• Criteria required to ensure data is created and maintained with integrity through its life cycle
  • Policies and Procedures to support CSV and DI assurance
  • Training and organizational change management
  • Current FDA trends in compliance and enforcement
  • Industry best practices and common pitfalls
  • Q&A

This webinar will help you understand in detail the application of FDA’s guidelines for Computer System Validation (CSV), which is per the System Development Life Cycle (SDLC) Methodology. This is critical to develop the appropriate validation strategy and achieve the thoroughness required to prove that a system does what it purports to do. It also ensures that a system is maintained in a validated state throughout its entire life cycle, from conception through retirement.

The SDLC will provide a framework for validation planning, allowing the attendee to understand all of the phases and deliverables required during validation. 

The end result will be a very well documented validation effort that will stand up to FDA scrutiny during an audit, and assure that the data housed and/or processed using the validated computer system will be maintained with great integrity. It is important to remember that in addition to validating a computer system subject to FDA compliance, the system must be maintained in a validated state throughout its lifecycle until the system is retired or otherwise no longer used. This webinar will describe the policies, procedures, training and other underlying support elements that are needed to ensure ongoing maintenance of a system in a validated state.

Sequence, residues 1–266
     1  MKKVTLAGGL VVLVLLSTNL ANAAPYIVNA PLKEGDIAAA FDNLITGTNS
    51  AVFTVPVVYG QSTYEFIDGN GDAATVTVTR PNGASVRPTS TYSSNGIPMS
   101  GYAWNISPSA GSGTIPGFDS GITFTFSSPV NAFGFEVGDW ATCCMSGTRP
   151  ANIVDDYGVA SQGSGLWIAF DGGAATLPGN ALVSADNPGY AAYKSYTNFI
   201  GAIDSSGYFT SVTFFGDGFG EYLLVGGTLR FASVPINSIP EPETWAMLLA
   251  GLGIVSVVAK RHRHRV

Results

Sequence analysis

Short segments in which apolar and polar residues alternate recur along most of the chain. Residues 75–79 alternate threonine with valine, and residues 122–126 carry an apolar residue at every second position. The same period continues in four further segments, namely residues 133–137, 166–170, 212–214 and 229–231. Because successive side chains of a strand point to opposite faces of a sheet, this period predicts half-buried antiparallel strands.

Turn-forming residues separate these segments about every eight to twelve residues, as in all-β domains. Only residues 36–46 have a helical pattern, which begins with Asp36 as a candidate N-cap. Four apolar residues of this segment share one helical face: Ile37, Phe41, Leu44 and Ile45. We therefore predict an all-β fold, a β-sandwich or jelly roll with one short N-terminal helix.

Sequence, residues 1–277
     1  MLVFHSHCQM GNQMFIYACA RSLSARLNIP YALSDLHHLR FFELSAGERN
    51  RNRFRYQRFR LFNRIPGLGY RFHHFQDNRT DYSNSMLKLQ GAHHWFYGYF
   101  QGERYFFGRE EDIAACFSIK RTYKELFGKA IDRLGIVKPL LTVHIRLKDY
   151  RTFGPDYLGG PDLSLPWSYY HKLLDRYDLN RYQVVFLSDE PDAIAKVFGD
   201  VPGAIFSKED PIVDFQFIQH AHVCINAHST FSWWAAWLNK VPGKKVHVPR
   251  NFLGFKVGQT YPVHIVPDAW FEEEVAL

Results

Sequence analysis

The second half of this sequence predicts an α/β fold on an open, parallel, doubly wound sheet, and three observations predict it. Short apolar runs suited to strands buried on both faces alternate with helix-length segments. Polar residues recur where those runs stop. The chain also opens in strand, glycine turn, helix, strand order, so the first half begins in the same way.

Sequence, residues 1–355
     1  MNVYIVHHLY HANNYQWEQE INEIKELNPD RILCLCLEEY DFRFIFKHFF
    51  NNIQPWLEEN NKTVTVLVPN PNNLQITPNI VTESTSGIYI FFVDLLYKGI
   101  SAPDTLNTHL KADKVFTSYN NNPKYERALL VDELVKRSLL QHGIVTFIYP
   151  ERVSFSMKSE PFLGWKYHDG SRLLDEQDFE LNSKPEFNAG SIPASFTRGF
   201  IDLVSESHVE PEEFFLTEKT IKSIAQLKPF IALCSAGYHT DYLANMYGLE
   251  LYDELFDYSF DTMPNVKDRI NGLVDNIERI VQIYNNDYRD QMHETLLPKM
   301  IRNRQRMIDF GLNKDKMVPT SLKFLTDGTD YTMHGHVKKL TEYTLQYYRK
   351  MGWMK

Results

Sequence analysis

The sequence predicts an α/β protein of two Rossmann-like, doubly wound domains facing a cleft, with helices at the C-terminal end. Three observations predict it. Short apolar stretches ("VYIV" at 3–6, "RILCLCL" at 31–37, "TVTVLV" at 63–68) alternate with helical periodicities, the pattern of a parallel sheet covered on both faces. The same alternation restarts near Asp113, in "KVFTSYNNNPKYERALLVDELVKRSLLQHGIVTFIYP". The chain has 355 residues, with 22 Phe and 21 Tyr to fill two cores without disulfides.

In addition, FDA has heavily focused its resources on inspection targeting Data Integrity (DI). During the past ten years, the percentage of Form 483 citations and Warning Letters with issues related to DI has increased dramatically and continues to do so through 2019. We will provide the requirements related to DI, examples of FDA findings, and will cover the industry best practices that will help you mitigate this potential risk.


  • Information technology managers, developers, and analysts
  • QC/QA managers and analysts
  • Clinical data managers and scientists
  • Compliance managers
  • Lab managers
  • Automation analysts
  • Computer system validation specialists
  • GMP training specialists
  • Business stakeholders and individuals who are responsible for computer system validation planning, execution, reporting, compliance, and audit
  • Consultants working in the life sciences industry who are involved in computer system implementation, validation, and compliance

Carolyn Troiano has more than 35 years of experience in computer system validation in the tobacco, pharmaceutical, medical device and other FDA-regulated industries. She has worked directly, or on a consulting basis, for many of the larger pharmaceutical and tobacco companies in the US and Europe. She is currently building an FDA computer system validation compliance strategy at a vapor company. Carolyn has participated in industry conferences, and is currently active in the Association of Information Technology Professionals (AITP), and Project Management Institute (PMI) chapters in the Richmond, VA area. Carolyn also volunteers for the PMI’s Educational Fund as a project management instructor for non-profit organizations.